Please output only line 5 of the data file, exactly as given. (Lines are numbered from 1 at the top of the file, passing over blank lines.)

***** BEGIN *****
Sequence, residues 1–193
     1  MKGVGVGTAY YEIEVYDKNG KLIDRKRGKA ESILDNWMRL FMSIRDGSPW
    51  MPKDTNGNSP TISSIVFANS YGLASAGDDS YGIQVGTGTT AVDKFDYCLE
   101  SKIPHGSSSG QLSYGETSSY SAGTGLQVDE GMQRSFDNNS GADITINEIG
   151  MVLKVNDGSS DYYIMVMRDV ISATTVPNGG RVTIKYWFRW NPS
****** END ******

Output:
   151  MVLKVNDGSS DYYIMVMRDV ISATTVPNGG RVTIKYWFRW NPS